Other Thoughts on the Division Series
- Five Alive! – After the wave of sweeps baseball fans endured just a couple seasons ago in the first round – prompting thoughtful fans to question whether it wouldn’t be better to reduce the number of playoff teams – it was delightful to see all 4 NLDS series go 5 games. For those of you scoring at home, when you take the two Wild Card games into consideration, we have already witnessed 12 elimination games in the 2012 postseason. Even in an eventful 2011 postseason, there were only 13 elimination games played…total.
- Aces being Aces – While no one will dispute that Justin Verlander and CC Sabathia are outstanding pitchers, their postseason performance has largely failed to live up to the standards of excellence and consistency they have set in the regular season during their careers. Take a look at the numbers:
Career: 1553.2 IP 3.40 ERA 1.17 WHIP 8.4 K/9 2.7 BB/9
Postseason pre-2012: 42 IP 5.57 ERA 1.55 WHIP 10.3 K/9 4.3 BB/9
Career: 2564.1 IP 3.50 ERA 1.22 WHIP 7.8 K/9 2.7 BB/9
Postseason pre-2012: 86 IP 4.81 ERA 1.62 WHIP 8.7 K/9 4.8 BB/9
Now look at their respective performances in the 2012 ALDS:
Verlander: 16.2 IP 0.56 ERA 0.75 WHIP 22 K 5 BB 7 H 1 ER 2 W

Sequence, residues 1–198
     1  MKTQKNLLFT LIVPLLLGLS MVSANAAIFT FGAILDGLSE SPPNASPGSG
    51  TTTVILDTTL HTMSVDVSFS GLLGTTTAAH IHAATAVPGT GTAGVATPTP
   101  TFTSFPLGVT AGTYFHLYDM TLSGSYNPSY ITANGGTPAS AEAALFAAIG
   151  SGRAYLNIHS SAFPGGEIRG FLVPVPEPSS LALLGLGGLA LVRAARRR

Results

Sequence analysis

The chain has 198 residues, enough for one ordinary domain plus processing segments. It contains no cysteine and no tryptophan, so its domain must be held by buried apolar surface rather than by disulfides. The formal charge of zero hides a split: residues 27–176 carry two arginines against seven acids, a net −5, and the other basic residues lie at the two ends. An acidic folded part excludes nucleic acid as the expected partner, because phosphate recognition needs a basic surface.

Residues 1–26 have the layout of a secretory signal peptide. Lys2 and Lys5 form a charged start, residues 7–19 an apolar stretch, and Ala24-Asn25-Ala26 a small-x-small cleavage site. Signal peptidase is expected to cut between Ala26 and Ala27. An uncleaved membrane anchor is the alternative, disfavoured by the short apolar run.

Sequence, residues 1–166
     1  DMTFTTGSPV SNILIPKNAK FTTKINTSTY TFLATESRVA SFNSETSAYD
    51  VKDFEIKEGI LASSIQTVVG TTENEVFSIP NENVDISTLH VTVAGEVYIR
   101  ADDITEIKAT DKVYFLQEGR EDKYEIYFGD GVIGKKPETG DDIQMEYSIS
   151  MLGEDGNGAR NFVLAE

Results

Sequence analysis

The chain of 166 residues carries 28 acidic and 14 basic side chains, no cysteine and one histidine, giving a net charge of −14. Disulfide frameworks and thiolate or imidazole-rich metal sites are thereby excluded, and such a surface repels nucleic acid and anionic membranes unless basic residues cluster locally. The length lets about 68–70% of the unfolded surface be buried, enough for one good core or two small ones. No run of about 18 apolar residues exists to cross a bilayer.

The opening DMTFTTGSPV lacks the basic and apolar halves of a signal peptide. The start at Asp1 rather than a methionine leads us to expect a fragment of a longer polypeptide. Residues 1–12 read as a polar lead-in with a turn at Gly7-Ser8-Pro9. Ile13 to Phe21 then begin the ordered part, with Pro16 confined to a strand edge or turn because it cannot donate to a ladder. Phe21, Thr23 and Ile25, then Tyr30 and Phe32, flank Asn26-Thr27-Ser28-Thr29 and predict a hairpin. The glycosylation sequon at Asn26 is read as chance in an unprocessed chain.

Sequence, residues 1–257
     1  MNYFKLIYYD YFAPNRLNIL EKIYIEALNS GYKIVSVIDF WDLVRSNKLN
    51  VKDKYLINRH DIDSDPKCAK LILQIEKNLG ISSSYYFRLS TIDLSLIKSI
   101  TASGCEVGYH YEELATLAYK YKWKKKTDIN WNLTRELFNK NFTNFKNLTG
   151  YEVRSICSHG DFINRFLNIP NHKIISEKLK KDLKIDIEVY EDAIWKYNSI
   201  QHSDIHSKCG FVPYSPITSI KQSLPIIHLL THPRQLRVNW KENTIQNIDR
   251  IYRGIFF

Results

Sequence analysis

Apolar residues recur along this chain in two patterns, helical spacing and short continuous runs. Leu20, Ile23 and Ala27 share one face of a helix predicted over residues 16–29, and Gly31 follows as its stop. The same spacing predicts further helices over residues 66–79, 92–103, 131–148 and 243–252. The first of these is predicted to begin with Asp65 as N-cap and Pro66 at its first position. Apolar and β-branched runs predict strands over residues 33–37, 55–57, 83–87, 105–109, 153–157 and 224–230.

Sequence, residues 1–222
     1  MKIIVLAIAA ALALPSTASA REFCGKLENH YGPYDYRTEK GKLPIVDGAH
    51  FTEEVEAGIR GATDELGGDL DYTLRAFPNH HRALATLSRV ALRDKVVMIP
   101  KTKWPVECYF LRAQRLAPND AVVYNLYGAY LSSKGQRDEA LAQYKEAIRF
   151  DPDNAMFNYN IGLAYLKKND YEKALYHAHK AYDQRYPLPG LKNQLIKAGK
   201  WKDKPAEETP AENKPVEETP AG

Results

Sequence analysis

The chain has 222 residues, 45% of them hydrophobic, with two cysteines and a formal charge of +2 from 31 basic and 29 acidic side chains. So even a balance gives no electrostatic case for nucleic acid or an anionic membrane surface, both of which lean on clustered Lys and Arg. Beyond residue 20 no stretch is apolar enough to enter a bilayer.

Sabathia: 17.2 1.53 ERA 0.85 WHIP 16 K 3 BB 12 H 3 ER 2 W
And to think, we may get to see these two face off twice in the ALCS.
- Let’s Go Oakland! – This warrants a separate post entirely (one I will hopefully write), but I want to take a moment here to commemorate just what a spectacular season the Oakland A’s had and just how special the end of the season/postseason were to behold at O.co Coliseum. As someone who has been to a lot of sparsely-attended A’s games over the past 6 seasons, to see the place come alive for the final series of the regular season and the three home games of the ALDS was incredible. I went to 5 games between Monday 10/1 and Thursday 10/11 and every one of them was packed, every one of them was loud and every one of them was awesome. Thank you A’s and thank you A’s fans.